I remember when I was quite young, my father predicted to me that we'd probably see the end of cash within our lifetimes, as all money would move to electronic money in the form of credit cards (or credit card-like interfaces). Every so often this idea has been discussed, but it usually gets shot down by those who like the anonymity of cash (which is one reason why some governments don't
like it). So it's interesting to hear via Slashdot
that an Estonian economist is recommending that the country go completely electronic as it adopts the Euro
. I would imagine there are some issues with doing so (including the fact that cash and coins from other Eurozone countries would inevitably bleed in).
That said, there have been a few other stories lately that have me thinking about the future of money, and I actually could see a way that countries could move in this general direction without actually getting rid of cash entirely. Last year, we wrote about the question of whether or not the world would move to a single world currency
, while simultaneously considering whether or not we'd actually start to see growth in very localized currencies, which are increasingly common in various cities to encourage people to shop locally. Again, neither situation seemed ideal, but were definitely interesting to think about.
Recently, however, Umair Haque wrote up an interesting post, positing that money could be split into three types of currencies
which serve three separate functions. The idea is not to break them up by region -- as described above -- but by function. Umair's writeup is a bit opaque, but he notes that currency is used as a store of value, as a medium of exchange and as a unit of account, but those functions can be separated. The end result, would be as follows:
You have three kinds of notes in your wallet. The first you use at the grocery store. The second, at the bank and in the financial markets. The third, between your employer, the state, and public services. Each has very different volatilities and trajectories, because each has very different levels of supply, demand which are, crucially, independent from one another--but interdependent on real wealth, long-run productivity, etc.
Now, this may be difficult to comprehend in the abstract. How would that actually work and why would each have different volatilities and trajectories? Well, the good news
is that we actually have a real world example of this. A few weeks back the always excellent Planet Money team at NPR did a wonderful episode on how "fake money" saved Brazil from rampant inflation
. The story is fascinating, and I highly recommend listening to it. But, it was basically a simplified version of what Haque is suggesting. Brazil had crazy inflation, so crazy that every day, stores had to remark their entire stock to raise prices, and people would rush ahead of the clerk with the price stickers to get "yesterday's" prices.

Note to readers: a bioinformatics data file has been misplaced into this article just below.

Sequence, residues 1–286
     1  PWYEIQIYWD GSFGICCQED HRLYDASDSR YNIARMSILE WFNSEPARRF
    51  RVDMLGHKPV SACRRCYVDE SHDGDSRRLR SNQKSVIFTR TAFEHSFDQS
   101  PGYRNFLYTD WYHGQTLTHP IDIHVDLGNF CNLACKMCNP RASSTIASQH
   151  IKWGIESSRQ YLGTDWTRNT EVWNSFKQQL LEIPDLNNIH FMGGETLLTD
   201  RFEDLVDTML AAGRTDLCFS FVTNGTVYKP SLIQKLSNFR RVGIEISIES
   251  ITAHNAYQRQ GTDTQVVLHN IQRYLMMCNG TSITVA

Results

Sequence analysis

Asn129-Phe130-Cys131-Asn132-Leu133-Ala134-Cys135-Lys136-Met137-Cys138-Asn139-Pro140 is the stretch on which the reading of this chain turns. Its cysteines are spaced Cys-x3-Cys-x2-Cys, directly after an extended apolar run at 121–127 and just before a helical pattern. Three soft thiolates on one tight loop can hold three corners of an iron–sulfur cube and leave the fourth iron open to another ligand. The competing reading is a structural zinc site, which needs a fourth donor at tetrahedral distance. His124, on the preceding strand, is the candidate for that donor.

The way Brazil "solved" the issue was to effectively issue a made up new currency to handle some functions of money: mainly the unit of account. You couldn't actually get paid in it, or pay with it, but all the goods in all the stores were suddenly priced with it. Then, rather than having to change the prices every day, each day, the government would put out a rate card with the exchange rate, and people would work off of that. Now, you might say this shouldn't make a difference, but it actually did. It got people thinking in terms of the new "stable" rates, and got them past their general distrust of monetary value. (One side note: this upset some of the wealthy, who were simply making a ton in interest -- and they complained about how this new system meant they actually had to innovate and invest to make money -- which reminded me of certain industries in the US who like to avoid innovating and investing themselves...).
Either way, you had a situation where the currency for prices was perfectly stable at the same time the other currency was still dealing with massive inflation. As Haque points out, you have different currencies with different volatility. Eventually, Brazil switched entirely over to this new currency and made the fake currency a real currency, but there's no reason why you couldn't keep multiple currencies, and break them up into a third bucket as well, as Haque suggests.
I can definitely see how there could be some value in doing so, providing a lot more flexibility, and removing certain risk elements. However, I do wonder if the greater level of confusion might be a problem for many, and lead to huge potential arbitrage opportunities, where the more financially sophisticated folks took advantage of much less financially sophisticated individuals, to swap these different levels of currency around. I'm not convinced either way on this, but it does seem fun to think about the possibilities...